Wireless wires

Easiest way to wirelessly send a one or zero.

Similar projects worth following
Sometimes you want simple wireless capabilities in your project. I'm talking about situations where you just want to engage an actuator or read a "high" value from your sensor across the room. If it is a relatively short distance and only one bit worth of data do you really want to pay (the time and money) for Bluetooth or WiFi?

Of course not!

Use, instead, a wireless wire.

3 pins: Gnd, Vcc, and I/O. If the I/O goes high the wireless wire emits a signal just outside of the audible range. For any other wireless wires in the vicinity If a signal of the correct frequency is detected the I/O goes high.

Here is the great thing: you don't necessarily need two wireless wires to make use of it. Since all smart phones (tablets, and most computers for that matter) have both speakers and microphones you may only need one.

  • 1 × LM567 Tone Decoder Application Specific ICs / Telecom ICs
  • 1 × Piezo Buzzer
  • 1 × MAX9814 Audio ICs / Audio Amplifiers

  • Software

    Chad Grant08/19/2014 at 23:23 0 comments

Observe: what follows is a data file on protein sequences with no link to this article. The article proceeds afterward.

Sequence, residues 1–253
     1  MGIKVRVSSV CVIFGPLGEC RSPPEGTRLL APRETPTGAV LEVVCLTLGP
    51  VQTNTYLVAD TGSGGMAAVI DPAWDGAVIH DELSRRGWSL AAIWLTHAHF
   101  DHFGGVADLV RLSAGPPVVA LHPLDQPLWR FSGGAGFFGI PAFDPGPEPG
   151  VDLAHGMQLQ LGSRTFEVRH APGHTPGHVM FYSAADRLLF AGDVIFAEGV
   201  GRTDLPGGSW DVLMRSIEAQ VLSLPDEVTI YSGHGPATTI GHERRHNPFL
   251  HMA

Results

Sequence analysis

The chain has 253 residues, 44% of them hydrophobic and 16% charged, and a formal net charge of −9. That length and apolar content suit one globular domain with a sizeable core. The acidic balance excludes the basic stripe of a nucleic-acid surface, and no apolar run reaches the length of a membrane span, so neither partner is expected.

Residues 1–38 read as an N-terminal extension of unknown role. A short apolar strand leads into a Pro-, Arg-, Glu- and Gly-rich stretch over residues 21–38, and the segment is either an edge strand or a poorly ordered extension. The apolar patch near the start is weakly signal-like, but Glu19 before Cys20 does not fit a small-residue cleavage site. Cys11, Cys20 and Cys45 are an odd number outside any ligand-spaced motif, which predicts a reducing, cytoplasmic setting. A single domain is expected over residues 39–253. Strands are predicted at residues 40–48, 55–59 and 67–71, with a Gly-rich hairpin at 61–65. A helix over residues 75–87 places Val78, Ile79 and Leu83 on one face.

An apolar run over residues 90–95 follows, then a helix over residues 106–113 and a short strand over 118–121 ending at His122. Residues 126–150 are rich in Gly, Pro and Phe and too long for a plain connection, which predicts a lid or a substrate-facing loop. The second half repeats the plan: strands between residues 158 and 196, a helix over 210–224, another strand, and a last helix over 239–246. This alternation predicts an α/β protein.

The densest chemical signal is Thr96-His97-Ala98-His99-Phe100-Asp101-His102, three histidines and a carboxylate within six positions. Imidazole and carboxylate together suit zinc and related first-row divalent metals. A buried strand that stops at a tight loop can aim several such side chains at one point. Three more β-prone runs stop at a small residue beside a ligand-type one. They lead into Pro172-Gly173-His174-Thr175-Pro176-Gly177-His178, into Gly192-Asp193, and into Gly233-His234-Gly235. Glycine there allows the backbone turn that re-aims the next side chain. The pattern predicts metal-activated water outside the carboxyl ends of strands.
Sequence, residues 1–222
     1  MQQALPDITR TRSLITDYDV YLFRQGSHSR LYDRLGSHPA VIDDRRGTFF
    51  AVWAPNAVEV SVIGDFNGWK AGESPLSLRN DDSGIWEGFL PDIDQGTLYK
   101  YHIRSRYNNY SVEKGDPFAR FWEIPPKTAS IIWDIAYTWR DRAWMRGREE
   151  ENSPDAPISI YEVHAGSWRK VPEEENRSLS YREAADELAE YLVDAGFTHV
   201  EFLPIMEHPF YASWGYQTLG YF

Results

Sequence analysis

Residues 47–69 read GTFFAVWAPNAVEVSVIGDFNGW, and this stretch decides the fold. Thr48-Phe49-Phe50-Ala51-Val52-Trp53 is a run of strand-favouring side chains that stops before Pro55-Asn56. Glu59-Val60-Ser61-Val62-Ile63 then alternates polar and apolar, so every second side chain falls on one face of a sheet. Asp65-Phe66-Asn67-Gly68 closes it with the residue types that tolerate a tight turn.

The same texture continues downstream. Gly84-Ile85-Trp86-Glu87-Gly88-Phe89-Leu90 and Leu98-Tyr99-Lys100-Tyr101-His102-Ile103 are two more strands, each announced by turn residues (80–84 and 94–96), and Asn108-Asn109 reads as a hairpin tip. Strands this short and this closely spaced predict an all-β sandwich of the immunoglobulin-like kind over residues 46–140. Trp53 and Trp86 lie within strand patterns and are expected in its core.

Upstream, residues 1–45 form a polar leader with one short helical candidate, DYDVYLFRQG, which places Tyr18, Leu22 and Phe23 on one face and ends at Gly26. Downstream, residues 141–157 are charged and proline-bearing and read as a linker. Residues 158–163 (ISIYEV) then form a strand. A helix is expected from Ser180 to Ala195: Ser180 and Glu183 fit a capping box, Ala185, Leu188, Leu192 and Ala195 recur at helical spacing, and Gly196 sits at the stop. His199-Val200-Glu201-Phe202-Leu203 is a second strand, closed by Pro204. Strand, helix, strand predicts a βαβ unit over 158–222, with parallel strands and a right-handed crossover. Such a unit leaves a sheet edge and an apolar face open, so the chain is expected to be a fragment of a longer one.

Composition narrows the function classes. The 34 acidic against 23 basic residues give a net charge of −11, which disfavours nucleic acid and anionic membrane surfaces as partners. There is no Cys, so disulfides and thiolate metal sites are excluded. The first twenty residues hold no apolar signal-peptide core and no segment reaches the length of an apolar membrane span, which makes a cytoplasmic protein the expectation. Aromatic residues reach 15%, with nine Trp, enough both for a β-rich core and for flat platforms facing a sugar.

My goal is to make the wireless wires without an embedded processor.  My reasoning behind this is to keep cost and complexity down - plus who wants to deal with upgrading firmware on these.

    One of my main motivations for making this device, though, is to use it in conjunction with my smart phone.  I can think of a lot of situations where my phone will be the receiver/transmitter and the other end will be some sort of device that employs a wireless wire to communicate with me (it's only communicating one bit - anything more and I'd move to Bluetooth or WiFi, of course).

    To that end I'm planning on writing an open source android library that can be used to both detect specified tones from the microphone, and emit them from the speakers.

    In the future desktop compatible libraries may also be considered.

  • Interference

    Chad Grant08/19/2014 at 23:15 0 comments

    A question was posted on how interference will be handled.  It is a good question.  When watching the video I posted it looks like my voice is causing interference with the (almost) ultrasonic tone.  I think what might be happening in the video is the microphone amplifier that I am using in the proof of concept (MAX9814) has automatic gain control which is amplifying my voice and attenuating other frequencies - including my 18k tone.

    I believe that moving to more appropriate hardware for these ultrasonic tones will alleviate this problem.